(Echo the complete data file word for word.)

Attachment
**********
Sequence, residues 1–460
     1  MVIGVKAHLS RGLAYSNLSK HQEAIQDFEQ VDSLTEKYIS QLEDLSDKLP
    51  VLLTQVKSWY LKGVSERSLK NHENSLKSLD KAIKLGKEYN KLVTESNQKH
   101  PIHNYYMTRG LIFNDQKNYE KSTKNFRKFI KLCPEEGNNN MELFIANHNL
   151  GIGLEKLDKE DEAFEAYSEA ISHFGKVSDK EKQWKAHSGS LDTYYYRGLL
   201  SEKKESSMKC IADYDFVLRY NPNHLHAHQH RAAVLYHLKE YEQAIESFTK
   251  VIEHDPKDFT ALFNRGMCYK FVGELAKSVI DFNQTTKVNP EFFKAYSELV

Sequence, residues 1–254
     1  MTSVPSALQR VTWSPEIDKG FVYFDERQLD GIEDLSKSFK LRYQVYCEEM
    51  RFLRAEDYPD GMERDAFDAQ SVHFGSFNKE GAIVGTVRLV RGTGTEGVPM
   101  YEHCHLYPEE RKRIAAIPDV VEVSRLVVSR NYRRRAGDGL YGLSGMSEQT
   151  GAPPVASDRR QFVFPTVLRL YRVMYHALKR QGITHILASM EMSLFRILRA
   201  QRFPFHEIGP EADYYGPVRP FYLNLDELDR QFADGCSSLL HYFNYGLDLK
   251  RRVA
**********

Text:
Sequence, residues 1–460
     1  MVIGVKAHLS RGLAYSNLSK HQEAIQDFEQ VDSLTEKYIS QLEDLSDKLP
    51  VLLTQVKSWY LKGVSERSLK NHENSLKSLD KAIKLGKEYN KLVTESNQKH
   101  PIHNYYMTRG LIFNDQKNYE KSTKNFRKFI KLCPEEGNNN MELFIANHNL
   151  GIGLEKLDKE DEAFEAYSEA ISHFGKVSDK EKQWKAHSGS LDTYYYRGLL
   201  SEKKESSMKC IADYDFVLRY NPNHLHAHQH RAAVLYHLKE YEQAIESFTK
   251  VIEHDPKDFT ALFNRGMCYK FVGELAKSVI DFNQTTKVNP EFFKAYSELV

Sequence, residues 1–254
     1  MTSVPSALQR VTWSPEIDKG FVYFDERQLD GIEDLSKSFK LRYQVYCEEM
    51  RFLRAEDYPD GMERDAFDAQ SVHFGSFNKE GAIVGTVRLV RGTGTEGVPM
   101  YEHCHLYPEE RKRIAAIPDV VEVSRLVVSR NYRRRAGDGL YGLSGMSEQT
   151  GAPPVASDRR QFVFPTVLRL YRVMYHALKR QGITHILASM EMSLFRILRA
   201  QRFPFHEIGP EADYYGPVRP FYLNLDELDR QFADGCSSLL HYFNYGLDLK
   251  RRVA